Streaming services like Netflix have made their reputations by providing personal recommendations based on algorithms, and now traditional pay-TV providers like Time Warner Cable and Comcast are playing catch-up. Getty

The gripe has existed nearly as long as pay-TV has: "All these channels and nothing to watch." That sentiment now coexists, somewhat paradoxically, with the feeling that there is in fact too much TV to watch -- too many shows on too many networks and streaming services, all of which have become producers of original content in the hope of attracting more viewers.

Research firm Digitalsmiths on Thursday released a study wherein 42 percent of the respondents felt it wasn't easy to find something they wanted to watch on TV, yet more than a third of the people surveyed felt "overwhelmed" by the number of channels, and a massive 82.5 percent only watch between one and 10 channels, on average. Given that the average pay-TV package includes 194 channels, that's a lot of programming going unwatched.

Solving the paradox

The two views ("Nothing on" and "Too much TV") aren't as mutually exclusive as one might think. The "find" part of the question "Do you feel it is easy to find something you want to watch on TV?" is the key to reconciling them, according to Digitalsmiths Senior Marketing Director Billy Purser, because it refers to discovery of content that's already available, rather than whether the content exists.

"Pay-TV providers actually offer a lot more content than people are aware of," he said. "But subscribers just aren't able to access it as easily as with some streaming services." Indeed, 64 percent of the respondents said they got frustrated trying to find something to watch on cable.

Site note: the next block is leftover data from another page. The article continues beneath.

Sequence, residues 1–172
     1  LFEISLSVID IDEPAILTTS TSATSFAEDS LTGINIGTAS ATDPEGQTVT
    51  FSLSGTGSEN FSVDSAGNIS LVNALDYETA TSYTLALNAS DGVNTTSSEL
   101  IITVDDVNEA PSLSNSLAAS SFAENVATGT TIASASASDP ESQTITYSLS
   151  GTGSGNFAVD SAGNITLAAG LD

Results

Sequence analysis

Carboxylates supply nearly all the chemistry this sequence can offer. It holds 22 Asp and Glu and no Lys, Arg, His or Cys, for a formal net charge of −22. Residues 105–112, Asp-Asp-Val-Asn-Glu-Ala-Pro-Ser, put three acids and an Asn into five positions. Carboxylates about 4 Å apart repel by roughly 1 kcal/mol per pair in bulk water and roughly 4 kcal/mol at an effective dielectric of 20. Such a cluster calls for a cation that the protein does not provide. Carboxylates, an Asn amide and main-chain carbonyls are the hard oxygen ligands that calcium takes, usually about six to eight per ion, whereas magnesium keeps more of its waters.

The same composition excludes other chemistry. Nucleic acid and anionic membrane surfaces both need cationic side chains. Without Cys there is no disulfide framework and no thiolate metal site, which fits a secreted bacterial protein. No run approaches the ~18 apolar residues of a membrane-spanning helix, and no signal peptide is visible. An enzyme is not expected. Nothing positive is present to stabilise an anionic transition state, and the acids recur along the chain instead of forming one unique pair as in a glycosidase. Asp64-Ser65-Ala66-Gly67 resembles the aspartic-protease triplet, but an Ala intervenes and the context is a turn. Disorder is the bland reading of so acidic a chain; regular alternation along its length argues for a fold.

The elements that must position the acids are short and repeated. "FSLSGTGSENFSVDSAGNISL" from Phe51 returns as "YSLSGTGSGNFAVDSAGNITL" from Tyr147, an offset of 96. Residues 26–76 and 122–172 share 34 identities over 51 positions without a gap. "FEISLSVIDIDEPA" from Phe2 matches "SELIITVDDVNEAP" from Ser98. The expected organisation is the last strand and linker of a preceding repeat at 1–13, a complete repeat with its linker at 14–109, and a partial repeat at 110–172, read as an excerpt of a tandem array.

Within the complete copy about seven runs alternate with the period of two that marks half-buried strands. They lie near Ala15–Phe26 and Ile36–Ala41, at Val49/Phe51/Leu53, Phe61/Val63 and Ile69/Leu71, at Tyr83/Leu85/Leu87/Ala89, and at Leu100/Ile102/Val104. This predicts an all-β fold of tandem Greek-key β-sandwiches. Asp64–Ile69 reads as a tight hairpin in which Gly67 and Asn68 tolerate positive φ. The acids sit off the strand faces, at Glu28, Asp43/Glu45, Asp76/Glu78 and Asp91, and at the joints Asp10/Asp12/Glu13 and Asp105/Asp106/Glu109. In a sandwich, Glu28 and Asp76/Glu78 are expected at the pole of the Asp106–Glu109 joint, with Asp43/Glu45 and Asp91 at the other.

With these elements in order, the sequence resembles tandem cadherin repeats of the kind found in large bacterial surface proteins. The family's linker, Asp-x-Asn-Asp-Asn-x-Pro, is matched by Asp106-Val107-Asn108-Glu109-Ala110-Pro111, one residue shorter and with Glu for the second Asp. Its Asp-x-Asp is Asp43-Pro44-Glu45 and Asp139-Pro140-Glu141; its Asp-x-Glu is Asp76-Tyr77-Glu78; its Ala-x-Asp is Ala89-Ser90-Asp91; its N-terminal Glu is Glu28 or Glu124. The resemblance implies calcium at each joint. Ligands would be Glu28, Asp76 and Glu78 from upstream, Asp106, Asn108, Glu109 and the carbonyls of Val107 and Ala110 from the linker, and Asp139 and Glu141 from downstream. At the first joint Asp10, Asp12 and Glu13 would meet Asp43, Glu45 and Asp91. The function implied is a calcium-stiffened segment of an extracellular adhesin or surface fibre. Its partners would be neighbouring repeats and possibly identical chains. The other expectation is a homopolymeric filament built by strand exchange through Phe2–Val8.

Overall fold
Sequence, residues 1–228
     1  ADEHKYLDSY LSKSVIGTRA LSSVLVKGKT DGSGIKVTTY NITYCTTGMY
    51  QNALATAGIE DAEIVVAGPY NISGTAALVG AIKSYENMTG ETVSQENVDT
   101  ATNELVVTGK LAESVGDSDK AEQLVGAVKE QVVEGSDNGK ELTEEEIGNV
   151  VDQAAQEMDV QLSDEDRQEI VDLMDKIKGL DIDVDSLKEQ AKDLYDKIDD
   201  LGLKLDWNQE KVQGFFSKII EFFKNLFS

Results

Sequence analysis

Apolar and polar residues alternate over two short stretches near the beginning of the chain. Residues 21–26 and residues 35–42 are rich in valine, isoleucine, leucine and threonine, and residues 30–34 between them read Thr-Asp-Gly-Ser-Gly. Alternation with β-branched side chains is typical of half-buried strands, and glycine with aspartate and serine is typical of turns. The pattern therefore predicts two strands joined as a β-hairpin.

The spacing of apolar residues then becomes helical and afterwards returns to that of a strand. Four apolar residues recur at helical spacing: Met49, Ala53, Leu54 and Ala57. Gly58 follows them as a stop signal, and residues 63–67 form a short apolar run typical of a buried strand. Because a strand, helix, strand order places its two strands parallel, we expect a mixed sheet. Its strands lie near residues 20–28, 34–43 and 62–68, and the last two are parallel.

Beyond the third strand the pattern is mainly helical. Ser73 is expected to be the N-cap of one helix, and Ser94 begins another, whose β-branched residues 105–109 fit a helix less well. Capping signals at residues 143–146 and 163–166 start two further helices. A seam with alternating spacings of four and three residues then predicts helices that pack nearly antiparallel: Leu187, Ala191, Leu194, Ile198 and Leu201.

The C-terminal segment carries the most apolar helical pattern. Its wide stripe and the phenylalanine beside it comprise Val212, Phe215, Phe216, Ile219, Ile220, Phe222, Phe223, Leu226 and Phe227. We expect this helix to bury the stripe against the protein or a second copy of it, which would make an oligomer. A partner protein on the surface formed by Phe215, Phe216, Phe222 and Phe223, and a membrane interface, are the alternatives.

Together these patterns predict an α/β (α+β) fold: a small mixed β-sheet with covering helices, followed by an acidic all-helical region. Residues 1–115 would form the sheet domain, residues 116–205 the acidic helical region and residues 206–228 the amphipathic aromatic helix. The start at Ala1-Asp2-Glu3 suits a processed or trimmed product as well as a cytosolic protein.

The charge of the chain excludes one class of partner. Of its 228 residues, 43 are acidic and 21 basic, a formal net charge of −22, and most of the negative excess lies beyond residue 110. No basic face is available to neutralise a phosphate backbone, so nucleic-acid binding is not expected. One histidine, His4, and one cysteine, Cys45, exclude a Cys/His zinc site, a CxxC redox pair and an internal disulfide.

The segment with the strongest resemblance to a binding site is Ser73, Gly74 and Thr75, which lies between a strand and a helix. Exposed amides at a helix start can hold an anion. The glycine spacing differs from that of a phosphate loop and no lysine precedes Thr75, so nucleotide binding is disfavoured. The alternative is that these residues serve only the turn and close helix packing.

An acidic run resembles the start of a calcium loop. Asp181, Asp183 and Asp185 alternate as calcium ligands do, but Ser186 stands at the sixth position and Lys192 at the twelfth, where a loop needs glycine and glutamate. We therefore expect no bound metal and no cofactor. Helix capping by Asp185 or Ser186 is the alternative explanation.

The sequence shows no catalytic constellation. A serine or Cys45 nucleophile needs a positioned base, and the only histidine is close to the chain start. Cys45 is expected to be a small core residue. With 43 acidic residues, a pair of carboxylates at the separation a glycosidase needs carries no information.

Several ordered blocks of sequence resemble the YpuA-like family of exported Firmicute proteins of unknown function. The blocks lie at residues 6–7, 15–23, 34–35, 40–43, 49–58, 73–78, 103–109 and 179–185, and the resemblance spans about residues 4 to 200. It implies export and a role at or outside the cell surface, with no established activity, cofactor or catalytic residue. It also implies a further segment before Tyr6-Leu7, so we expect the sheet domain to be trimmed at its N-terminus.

Streaming services, like Netflix, Amazon Prime and Hulu, are light years ahead of many cable and satellite services in terms of providing consumers with a variety of ways to discover content. Not only are their search functions described as more user-friendly, but their personalized recommendations are far more prominently displayed, and are therefore more likely to be used.

Surf's down

Part of the problem for traditional pay-TV companies is just a shift in the way viewers consume media. The days of simply turning on the TV set for background noise aren't completely over, but they are entering their twilight.

A healthy chunk of people do still spend time flipping through channels: Only 9 percent of the survey respondents spent no time at all channel surfing, though the majority of that 91 percent spent 10 minutes or less scrolling through the guide. Channel position is often part of the carriage agreement negotiations between networks and pay-TV providers, precisely for this reason. Boutique channel Ovation may be playing just the movie that matches your mood, but the longer you have to spend scrolling to that channel, the more likely you are to give up before you get there.

And increasingly, younger consumers are looking for those personal recommendations, Purser says; they've been trained to expect that kind of feature, and without delivering a product that makes those consumers more inclined to shell out $100 or more per month, the looming specter of cord-cutting may become a much more tangible problem for pay-TV companies.